2 weeks ago

Fitzgerald's Town

to bat and were all out

to bat and were all out for 35 runs. The Lincoln innings was a valiant one, but despite better handling of the bowling, their final score was 34, thus losing by 1 run. According to The Press account the Lincoln team had improved since the earlier match, but their bowling would have been ineffective if opposed by competent batsmen! Apparently not one of the Lincoln team knew where their fielding positions were, or their names, and the captain had to consult a rule book and then take the players to their respective places. The match was played in pelting rain, but despite this disadvantage there was still a good turn-out of Lincoln folk who regaled the visitors “in the usual Lincoln style” after the match. 11 A year later the two schools met again when Lincoln won the two matches played, the first by 20 runs and the second by 46 runs. According to newspaper reports the standard of play was good, especially that of the Lincoln team which must be considered the “first cricketing school of the province” thanks to the coaching of headmaster Jacobson and members of the Lincoln Cricket Club. 12 The tradition of encouraging the young started early in Lincoln! The day ended with a dinner of meat, custards, pies and cakes provided by the hosts, perhaps the most enjoyable part of the outing. A Day At The Races On 21 April 1868 a race meeting was held near the Wheatsheaf Hotel. The meeting, timed to start at 12.30pm, was controlled by the rules of the Canterbury Jockey Club, and was a moderate success thanks to the efforts of the stewards and other officials. However, despite their efforts the first race, contested by six horses, set the pattern for the day when there was a protest against the winner and by the end of the meeting every race had been protested! 13 The following year races were again held, but on a site about half a mile past the Wheatsheaf Hotel and to the right of the Leeston Track (Selwyn Road). This change of location was made because of the exorbitant charge imposed by the owner of the land used for the first meeting. The occasion was better organised than the first, although provision for officials and the public was primitive. There were five races for which there were generous cash prizes, including one of 50 pounds for the winner of the Lincoln Plate run over a distance of two miles. It was an auspicious occasion and was well patronized by visitors from Christchurch who outnumbered locals, many of whom were busy with the harvest. 132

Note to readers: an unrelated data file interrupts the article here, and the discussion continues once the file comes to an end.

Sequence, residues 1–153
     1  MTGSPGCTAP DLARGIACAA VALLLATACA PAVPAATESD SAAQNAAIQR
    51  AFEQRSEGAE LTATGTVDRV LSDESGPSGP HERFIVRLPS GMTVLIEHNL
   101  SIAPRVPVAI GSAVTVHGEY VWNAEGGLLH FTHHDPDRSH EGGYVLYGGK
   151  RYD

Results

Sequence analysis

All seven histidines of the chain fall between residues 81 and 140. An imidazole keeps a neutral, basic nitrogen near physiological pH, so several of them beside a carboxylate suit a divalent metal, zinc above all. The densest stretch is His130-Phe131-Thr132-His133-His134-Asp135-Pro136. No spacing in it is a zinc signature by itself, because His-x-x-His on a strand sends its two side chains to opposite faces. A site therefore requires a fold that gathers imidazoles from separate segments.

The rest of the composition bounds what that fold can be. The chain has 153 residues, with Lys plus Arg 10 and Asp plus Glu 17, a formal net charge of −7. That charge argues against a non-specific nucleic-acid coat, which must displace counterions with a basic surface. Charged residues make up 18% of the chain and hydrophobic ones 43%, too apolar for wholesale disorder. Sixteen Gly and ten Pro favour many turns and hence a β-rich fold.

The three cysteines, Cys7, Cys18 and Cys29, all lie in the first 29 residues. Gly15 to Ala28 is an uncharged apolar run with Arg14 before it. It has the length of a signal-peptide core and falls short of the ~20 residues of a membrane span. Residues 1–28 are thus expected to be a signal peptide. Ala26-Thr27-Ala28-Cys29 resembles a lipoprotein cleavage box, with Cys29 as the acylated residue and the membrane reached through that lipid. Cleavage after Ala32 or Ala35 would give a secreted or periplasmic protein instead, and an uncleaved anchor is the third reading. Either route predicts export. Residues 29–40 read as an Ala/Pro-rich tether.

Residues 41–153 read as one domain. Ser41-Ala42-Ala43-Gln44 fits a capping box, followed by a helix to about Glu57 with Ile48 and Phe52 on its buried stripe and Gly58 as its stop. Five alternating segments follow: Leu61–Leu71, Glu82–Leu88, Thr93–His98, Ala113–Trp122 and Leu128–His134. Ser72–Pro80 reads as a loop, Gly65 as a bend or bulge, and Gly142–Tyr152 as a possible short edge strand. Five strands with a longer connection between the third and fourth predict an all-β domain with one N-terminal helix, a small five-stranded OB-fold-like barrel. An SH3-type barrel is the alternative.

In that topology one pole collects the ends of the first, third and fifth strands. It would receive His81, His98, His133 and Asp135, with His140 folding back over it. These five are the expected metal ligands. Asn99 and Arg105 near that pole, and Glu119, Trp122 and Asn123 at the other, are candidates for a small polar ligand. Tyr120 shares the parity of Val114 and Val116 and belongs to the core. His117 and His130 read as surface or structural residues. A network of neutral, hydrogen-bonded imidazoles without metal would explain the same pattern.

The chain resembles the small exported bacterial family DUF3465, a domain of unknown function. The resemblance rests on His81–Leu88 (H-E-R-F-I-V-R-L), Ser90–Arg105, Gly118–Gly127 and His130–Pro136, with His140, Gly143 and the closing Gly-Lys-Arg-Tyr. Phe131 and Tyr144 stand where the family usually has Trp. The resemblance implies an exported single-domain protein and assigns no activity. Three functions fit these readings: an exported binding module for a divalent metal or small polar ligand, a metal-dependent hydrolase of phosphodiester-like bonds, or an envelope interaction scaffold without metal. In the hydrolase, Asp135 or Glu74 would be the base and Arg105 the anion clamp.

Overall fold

47. The Lincoln Races. Lyttelton Times. 14 May 1869. Courtesy of Papers Past. The Lincoln Cup proved to be an exciting race and something of the excitement of this race is captured by the Lyttelton Times report quoted in full below: 14 Mr Shand dropped his flag to a good line and Tantrum acting on orders, at once cut out the running, Backbiter holding second, Lyndon third, and Bobby Burns last honours. Tantrum continued to improve for some distance, the others keeping well together, Lyndon and Bobby hand held. At half 133

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